Monday, April 21, 2014

Blog Tour: how, how, what and why...



1) What are you working on?
 
I’m working on three things at the moment.  First is I’m putting the finishing touches to the second in the Conquest Trilogy, the first of which, Shieldwall, which tells the story of the young Earl Godwin, was a Sunday Times Book of the Year. 
 
This book tells the tale of Harald Hardrada, the King of Norway who won the Battle of Fulford Gate, and lost the Battle of Stamford Bridge, a week later.  Harald has been a really fun character to write.  He’s bold, brash, ballsy, and he’s done it all. 

At the other end of the time scale I’m in the 41st Millenium….!   I’ve been working with The Black Library on and off for a number of years now, and have been given a really exciting opportunity to take one of their Imperial Guard characters, Usarkar E. Creed.  In my mind he’s something of a mix between Churchill and Zhukov… I’m starting off with a set of three longish short stories, the first is almost done, and will be starting the others soon.  These short stories are a really freshener: I'm enjoying having shorter projects I can deliver in a month or so, and get them out into the world.  It's a pleasant contrast to the slowness of novels, and traditional publishing.   

I can't talk about the third thing I’m working on... but I can tell you that it is to write  two novels for an Oscar winning film.  Delighted to be selected, and in some ways its familiar territory which is great to be playing around on.  More soon!  ;-)
 
 2) How does your work differ from others of its genre?

Many popular histories retell the Norman myths, and often fiction writers take that and embroider it.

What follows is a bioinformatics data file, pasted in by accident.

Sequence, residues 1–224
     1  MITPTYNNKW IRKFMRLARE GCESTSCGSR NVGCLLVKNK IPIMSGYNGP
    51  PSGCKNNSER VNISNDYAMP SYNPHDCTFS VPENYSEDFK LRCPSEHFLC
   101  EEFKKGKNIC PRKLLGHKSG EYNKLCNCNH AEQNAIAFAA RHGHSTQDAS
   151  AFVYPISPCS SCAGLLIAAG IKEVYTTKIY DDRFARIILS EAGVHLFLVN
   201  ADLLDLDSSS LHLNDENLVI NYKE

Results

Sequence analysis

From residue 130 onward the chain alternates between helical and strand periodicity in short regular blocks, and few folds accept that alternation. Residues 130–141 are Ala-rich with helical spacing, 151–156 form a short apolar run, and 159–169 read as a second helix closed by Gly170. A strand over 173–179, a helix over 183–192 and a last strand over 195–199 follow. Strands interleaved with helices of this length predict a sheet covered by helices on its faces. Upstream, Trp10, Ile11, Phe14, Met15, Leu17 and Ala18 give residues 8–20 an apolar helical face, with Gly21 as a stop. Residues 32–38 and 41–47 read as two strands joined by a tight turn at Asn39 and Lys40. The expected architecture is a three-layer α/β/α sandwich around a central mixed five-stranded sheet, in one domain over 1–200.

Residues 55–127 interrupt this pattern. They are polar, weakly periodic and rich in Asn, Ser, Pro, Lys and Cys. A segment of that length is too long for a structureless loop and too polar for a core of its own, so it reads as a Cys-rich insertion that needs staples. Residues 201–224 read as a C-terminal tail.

My Conquest Series is trying to set down in fiction what ‘probably’ happened around the events of 1066.  I’ve started my tale back in the reign of Ethelred the Unready, circa 990s, and am tracing the story forward. 

I’ve chosen this because what happens in 1066 seems directly a result of Knut’s conquest of England in 1016.  Also the Conquest Series is centered around the battle itself, not necessarily any particular characters, who may or may not appear in other novels. 

Other than that – what can I say?  My novels are kick-ass reads, full of great characters, and loaded with history.  What could be better than that?

 
 3) Why do you write what you do?

I was giving a talk to school kids this morning, talking about stories and how they fill our lives, and I got a bit choked up a couple of times and had to take deep breaths.  I think it’s because writing, stories, and being able to write are deeply personal to me.  I’ve wanted to write since I was ten years old, and had just put down The Lord of the Rings, and was smitten by Tolkien’s ability to construct an entirely new world with myths, and histories and languages and all.

I always thought that being a writer would be a long hard slog, but perhaps I’m reaping the benefits now.  I know what I am doing much better than I did when I had first started, and I’m starting to write stories quicker, and better as well, I hope. 

As I said, I've never been busier, and loving it.  I get to make a living out of this, honest?!


 
4) How does your writing process work?
 
I’m not sure yet I have a process, and how I approach a short story of 10,000 words is quite different to how I approach a novel.  But generally I’m not a planner, though planning, or perhaps sketching out a story is something I’m learning to do more and more and still keep the level of creativity I enjoy. 

But generally I’m an over-writer.  I have a good editorial eye, and cut back furiously.  For example, the first draft of the short story I’ve just finished was about 14,000 words long to get a really zinging 10,000 word story. 

With my last novel, Shieldwall, I probably wrote at least 250,000 words to get a 112,000 word novel. 

I wish there was a faster, quicker, more direct line from the first line of a story to the end, but I haven’t found it yet.  Sketching stories out before hand does help, but still the  process is two fold: creating and then editing.